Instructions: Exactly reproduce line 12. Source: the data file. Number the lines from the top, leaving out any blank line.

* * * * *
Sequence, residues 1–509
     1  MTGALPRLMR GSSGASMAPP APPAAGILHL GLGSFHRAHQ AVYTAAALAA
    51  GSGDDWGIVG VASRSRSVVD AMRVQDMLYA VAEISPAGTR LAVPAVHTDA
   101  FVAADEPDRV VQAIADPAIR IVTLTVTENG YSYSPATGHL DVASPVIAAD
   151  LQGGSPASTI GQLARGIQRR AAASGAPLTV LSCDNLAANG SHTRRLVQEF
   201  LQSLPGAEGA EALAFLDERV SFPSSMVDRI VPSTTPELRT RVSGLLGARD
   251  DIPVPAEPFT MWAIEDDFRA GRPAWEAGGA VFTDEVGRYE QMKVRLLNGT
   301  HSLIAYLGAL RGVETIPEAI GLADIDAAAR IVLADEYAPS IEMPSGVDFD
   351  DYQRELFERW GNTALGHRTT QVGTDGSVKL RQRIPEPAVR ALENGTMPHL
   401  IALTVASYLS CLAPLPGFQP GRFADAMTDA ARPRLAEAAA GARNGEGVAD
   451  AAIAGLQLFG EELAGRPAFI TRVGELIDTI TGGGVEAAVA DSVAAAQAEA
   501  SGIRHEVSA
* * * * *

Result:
   501  SGIRHEVSA